Chamber report: Metro school reforms head in right direction but progress crawls forward

Monday, December 17, 2012 at 2:47pm

Charter schools took center stage in the Nashville Area Chamber of Commerce's annual education report card that found district reforms heading in the right direction but that progress improving student performance is at a crawl.

District, city and business officials at the report’s unveiling Monday treaded carefully around talk about the emphasis privately run but publicly funded charter schools should have in the district at a time when the issue of charter schools has become a political lightning rod.

"Charter schools are not a panacea, they’re not the sole solution to a very complicated problem. But quality charter schools can, and should, play a big role in reforming our education system," Mayor Karl Dean said during the unveiling at the Adventure Science Center, adding the district should recruit more charter schools that could fulfill particular needs within Metro Nashville Public Schools.

"Our children do not have the luxury of time," he said.

The report states that the district needs to focus on bringing better charter schools into the district fold by developing an integration strategy and sharing services to increase efficiency and save money.

The chamber is “anxious for dramatic gains” in student achievement, business officials stressed at the report’s unveiling.

On average, students in Davidson County lag behind the state average and neighboring districts in reading and math. However, the district has managed to show larger gains in year-after-year growth that exceed the state average.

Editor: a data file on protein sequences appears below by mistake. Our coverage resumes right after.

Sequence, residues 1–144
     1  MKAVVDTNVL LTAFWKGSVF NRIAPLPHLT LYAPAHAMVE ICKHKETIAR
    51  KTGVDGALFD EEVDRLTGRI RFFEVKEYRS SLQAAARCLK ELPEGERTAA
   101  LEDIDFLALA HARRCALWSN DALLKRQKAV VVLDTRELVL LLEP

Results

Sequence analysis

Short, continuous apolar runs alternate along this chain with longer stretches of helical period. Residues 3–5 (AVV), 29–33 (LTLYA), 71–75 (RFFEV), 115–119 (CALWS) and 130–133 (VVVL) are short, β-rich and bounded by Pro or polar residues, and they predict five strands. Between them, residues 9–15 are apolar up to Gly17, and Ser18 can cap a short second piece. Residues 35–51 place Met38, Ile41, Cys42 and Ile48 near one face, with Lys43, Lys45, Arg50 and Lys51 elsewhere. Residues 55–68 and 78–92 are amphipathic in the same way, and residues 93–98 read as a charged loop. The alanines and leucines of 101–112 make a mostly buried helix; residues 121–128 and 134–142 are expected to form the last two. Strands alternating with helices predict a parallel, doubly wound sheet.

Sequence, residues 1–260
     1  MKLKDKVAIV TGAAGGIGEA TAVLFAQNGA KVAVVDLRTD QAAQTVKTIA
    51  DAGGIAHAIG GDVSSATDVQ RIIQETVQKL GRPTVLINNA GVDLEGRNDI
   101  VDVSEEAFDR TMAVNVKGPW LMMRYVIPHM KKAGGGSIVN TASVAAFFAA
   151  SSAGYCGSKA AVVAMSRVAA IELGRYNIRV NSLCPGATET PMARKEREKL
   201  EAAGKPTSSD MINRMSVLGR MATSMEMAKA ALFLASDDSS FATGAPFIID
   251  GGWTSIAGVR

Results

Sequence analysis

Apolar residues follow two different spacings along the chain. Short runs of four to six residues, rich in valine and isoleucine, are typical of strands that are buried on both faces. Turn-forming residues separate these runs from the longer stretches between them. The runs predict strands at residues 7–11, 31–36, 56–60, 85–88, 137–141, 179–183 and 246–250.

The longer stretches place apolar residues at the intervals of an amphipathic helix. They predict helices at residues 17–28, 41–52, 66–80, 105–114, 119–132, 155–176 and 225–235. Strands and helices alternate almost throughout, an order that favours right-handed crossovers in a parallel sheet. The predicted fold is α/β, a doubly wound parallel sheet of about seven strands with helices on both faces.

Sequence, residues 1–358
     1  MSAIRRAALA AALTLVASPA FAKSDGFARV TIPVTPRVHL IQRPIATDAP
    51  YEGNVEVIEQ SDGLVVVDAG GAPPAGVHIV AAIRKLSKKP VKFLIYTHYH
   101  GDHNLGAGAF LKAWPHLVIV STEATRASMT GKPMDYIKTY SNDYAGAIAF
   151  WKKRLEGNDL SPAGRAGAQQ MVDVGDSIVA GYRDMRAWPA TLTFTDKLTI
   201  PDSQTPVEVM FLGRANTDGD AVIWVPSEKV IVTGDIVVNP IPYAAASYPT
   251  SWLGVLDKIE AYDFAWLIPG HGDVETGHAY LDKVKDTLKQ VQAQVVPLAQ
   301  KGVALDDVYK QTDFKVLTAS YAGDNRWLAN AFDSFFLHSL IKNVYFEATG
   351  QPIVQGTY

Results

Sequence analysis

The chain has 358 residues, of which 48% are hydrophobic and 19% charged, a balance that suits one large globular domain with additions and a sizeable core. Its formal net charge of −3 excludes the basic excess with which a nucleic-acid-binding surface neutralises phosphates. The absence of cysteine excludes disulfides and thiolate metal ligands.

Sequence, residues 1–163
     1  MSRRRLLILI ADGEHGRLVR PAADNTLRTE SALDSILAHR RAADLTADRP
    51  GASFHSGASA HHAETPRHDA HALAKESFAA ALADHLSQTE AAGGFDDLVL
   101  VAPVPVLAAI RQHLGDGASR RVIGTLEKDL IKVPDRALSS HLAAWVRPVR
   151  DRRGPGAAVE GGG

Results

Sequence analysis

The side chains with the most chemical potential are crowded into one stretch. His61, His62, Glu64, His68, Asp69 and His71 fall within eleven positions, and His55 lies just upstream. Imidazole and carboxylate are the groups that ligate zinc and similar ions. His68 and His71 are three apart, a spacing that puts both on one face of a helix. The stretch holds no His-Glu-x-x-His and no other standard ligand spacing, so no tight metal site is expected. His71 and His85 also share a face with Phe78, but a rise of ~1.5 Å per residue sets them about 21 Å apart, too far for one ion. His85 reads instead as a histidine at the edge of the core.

Last school year, 40.6 percent of students in grades three through eight were proficient in reading and language arts. Of students in those same grade levels, 39.8 percent were proficient in math.

Less than 30 percent of students who took the ACT exam scored a 21, the benchmark necessary to qualify for a lottery-funded Hope Scholarship.

“We cannot bury our heads in the sand and say, ‘charter schools are not good for us,’ ” said Director of Schools Jesse Register who said the district should be looking to steal good ideas from the schools and use them more in the district.

Nashville is home to 14 charter schools, with one slated for closure at the end of the school year and five set to open next fall.

MNPS is still in the midst of a political fight over charter schools after repeatedly refusing a state order to approve the Great Hearts Academies charter application. The state withheld $3.4 million in education funding from the district as punishment, although school board officials say they’re trying to convince the state to release those funds.

Meanwhile, charter school advocates are pushing state lawmakers to consider appointing an outside body to OK charter school applications to circumvent local school district approval.

The report also recommended the school board develop a dashboard to review progress on key performance measurements at their regularly scheduled meetings. It also suggested the district expand the cluster of struggling schools receiving specialized attention from the bottom 10 percent to the bottom 25 percent of schools.

The annual report, which is the 20th from the chamber, also recommended the state legislature require charter schools be shuttered by default if they are placed on the state’s priority list for not meeting performance standards.